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How will the Proposed Waikato District Plan impact subdivision opportunities?

If you are looking to subdivide land, there are important changes to the Waikato District Plan you need to be aware of.

Background  

On Monday 17 January 2022 the Waikato District Council circulated its decisions on the Proposed Waikato District Plan (Decisions Version). Since the Proposed Waikato District Plan (PDP) was publicly notified on 18 July 2018 Council received over 1,000 submissions on its contents. Hearings were completed in July 2021 and the notified decisions bring all rules into effect.

This article summarises the changes to subdivision rules applying in residential and rural zones in Waikato District.          

General Residential Zone

Subdivisions in the general residential zone now have restricted discretionary status meaning they require resource consent. Proposed residential subdivisions must comply with activity specific standards to have a restricted discretionary status. Lots resulting from the subdivision must have a minimum net site area of 450m2, be able to connect to a public-reticulated water supply and wastewater and, follow the relevant structure plan in order to comply.

The matters the Council will consider at its discretion when assessing a subdivision application have been expanded to include:

  • potential for reverse sensitivity effects;
  • avoidance or the mitigation of conflict with gas transmission infrastructure and the ability to maintain it; and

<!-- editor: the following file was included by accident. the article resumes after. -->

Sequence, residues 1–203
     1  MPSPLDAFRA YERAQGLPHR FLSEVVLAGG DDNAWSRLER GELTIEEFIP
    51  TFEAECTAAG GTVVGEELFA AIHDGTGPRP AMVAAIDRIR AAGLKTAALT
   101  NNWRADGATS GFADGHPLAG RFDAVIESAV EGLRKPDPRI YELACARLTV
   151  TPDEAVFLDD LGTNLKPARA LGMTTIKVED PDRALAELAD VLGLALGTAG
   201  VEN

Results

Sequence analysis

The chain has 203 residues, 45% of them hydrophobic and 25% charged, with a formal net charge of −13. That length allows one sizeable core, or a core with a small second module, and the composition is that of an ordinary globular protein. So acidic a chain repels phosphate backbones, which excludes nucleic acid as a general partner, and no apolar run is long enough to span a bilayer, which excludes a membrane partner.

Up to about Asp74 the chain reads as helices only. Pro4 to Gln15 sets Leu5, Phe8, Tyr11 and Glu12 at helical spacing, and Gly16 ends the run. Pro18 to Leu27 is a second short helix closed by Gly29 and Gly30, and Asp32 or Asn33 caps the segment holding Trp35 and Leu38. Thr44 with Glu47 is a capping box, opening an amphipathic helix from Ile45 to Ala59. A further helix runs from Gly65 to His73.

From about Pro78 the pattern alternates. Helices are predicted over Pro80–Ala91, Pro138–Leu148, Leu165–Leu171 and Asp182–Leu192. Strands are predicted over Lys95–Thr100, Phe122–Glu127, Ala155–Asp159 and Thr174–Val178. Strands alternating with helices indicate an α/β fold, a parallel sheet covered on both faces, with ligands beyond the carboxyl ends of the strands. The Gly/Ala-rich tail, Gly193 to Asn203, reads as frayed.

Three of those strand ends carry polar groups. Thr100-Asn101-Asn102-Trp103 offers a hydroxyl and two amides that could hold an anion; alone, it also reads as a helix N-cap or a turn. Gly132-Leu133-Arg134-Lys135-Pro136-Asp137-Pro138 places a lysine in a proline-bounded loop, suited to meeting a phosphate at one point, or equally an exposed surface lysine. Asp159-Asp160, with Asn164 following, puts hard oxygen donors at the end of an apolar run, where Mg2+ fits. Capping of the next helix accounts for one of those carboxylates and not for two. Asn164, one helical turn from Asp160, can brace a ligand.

• provision for new infrastructure and the operation and upgrading of existing infrastructure.

[Please note that there are other matters of discretion that have not changed from the Operative Plan provisions for subdivision.]

Council may grant or refuse consent to a subdivision in a residential zone and may impose conditions in relation to  the matters within its discretion.

If the subdivision does not comply with the activity specific standards, the subdivision will have a discretionary activity status. Council must consider fully discretionary subdivision proposals against all the relevant objectives and policies in the Plan when deciding whether to grant or refuse consent.

General Rural Zone

Subdivision in the general rural zone retains restricted discretionary activity status provided it complies with the activity specific standards. However, the Decisions Version has made it harder to subdivide rural land.

In particular the new rules aim to minimise the fragmentation of productive rural land where high class soils are located.

In order to create a new lot from a title that issued before 6 December 1997 the parent title must be at least 40 hectares in area and (if the parent title does not contain high quality soils), the subdivision can create no more than one new lot which must have an area of between 8000m2 and 1.6 hectares.  Different rules apply on high-quality soils as below.

If the parent title contains high class soils it is prohibited to subdivide land where the parent title was issued before 6 December 1997 if the subdivision will create more than one new lot (previously two) located on any high class soil. Where land to be subdivided contains high class soils, the new lot to be created must not contain more than 15% of its total land area as high class soils.

Subdivision to create even a single new lot from any parent title that issued after 6 December 1997 is a non-complying activity which means that it is difficult to obtain consent and it is  prohibited to subdivide land with a parent title issued after 6 December 1997 if the subdivision will create any new lot containing high class soil.